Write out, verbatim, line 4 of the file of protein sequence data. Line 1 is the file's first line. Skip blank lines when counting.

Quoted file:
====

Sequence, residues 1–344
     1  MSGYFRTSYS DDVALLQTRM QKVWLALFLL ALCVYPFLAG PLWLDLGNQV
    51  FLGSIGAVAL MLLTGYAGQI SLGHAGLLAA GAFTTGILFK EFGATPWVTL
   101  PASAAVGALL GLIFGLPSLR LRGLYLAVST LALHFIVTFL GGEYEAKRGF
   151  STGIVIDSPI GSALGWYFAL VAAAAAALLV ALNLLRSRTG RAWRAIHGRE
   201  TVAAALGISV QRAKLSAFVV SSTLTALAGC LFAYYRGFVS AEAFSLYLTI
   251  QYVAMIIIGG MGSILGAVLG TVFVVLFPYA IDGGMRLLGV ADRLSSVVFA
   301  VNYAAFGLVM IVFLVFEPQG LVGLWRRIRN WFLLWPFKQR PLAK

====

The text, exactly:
   101  PASAAVGALL GLIFGLPSLR LRGLYLAVST LALHFIVTFL GGEYEAKRGF